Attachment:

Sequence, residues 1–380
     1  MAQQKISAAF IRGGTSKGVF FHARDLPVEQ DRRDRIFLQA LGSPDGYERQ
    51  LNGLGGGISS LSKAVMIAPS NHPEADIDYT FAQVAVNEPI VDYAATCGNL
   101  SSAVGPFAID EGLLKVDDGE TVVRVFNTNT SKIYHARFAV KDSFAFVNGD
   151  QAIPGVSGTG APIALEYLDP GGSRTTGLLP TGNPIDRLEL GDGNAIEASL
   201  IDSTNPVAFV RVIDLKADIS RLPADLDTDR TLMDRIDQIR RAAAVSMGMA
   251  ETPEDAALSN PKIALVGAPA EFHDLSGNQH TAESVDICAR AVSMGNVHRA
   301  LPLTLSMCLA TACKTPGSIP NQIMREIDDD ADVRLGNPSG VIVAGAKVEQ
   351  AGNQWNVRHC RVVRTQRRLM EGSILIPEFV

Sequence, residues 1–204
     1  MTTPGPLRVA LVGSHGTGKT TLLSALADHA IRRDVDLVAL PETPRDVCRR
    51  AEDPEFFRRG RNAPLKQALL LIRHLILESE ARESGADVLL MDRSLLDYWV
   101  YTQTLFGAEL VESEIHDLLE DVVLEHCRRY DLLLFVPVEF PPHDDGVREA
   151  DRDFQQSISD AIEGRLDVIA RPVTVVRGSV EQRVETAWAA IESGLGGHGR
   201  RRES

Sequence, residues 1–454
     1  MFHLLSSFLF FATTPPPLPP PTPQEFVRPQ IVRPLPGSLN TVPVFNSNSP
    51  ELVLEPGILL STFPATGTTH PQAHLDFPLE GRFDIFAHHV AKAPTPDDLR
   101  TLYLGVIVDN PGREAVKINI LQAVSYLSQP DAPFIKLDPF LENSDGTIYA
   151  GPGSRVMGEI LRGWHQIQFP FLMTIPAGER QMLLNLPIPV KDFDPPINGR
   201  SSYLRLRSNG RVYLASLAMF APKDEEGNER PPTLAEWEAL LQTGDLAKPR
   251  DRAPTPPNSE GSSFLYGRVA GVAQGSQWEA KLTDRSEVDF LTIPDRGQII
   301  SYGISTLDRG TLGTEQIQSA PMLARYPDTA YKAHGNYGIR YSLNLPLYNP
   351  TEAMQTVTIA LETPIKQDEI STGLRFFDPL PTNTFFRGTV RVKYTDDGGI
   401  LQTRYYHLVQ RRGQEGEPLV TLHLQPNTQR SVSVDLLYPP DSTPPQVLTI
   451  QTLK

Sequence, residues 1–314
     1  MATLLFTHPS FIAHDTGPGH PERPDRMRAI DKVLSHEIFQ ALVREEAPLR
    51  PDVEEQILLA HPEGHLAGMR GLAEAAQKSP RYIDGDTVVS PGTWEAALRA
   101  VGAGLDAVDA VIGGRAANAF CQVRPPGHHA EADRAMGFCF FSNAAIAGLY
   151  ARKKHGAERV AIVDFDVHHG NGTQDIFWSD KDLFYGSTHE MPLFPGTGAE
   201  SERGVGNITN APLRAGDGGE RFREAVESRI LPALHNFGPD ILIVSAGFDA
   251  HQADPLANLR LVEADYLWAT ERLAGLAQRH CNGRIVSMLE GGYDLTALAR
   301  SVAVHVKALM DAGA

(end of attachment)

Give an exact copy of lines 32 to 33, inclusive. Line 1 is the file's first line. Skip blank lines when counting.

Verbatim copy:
   201  SERGVGNITN APLRAGDGGE RFREAVESRI LPALHNFGPD ILIVSAGFDA
   251  HQADPLANLR LVEADYLWAT ERLAGLAQRH CNGRIVSMLE GGYDLTALAR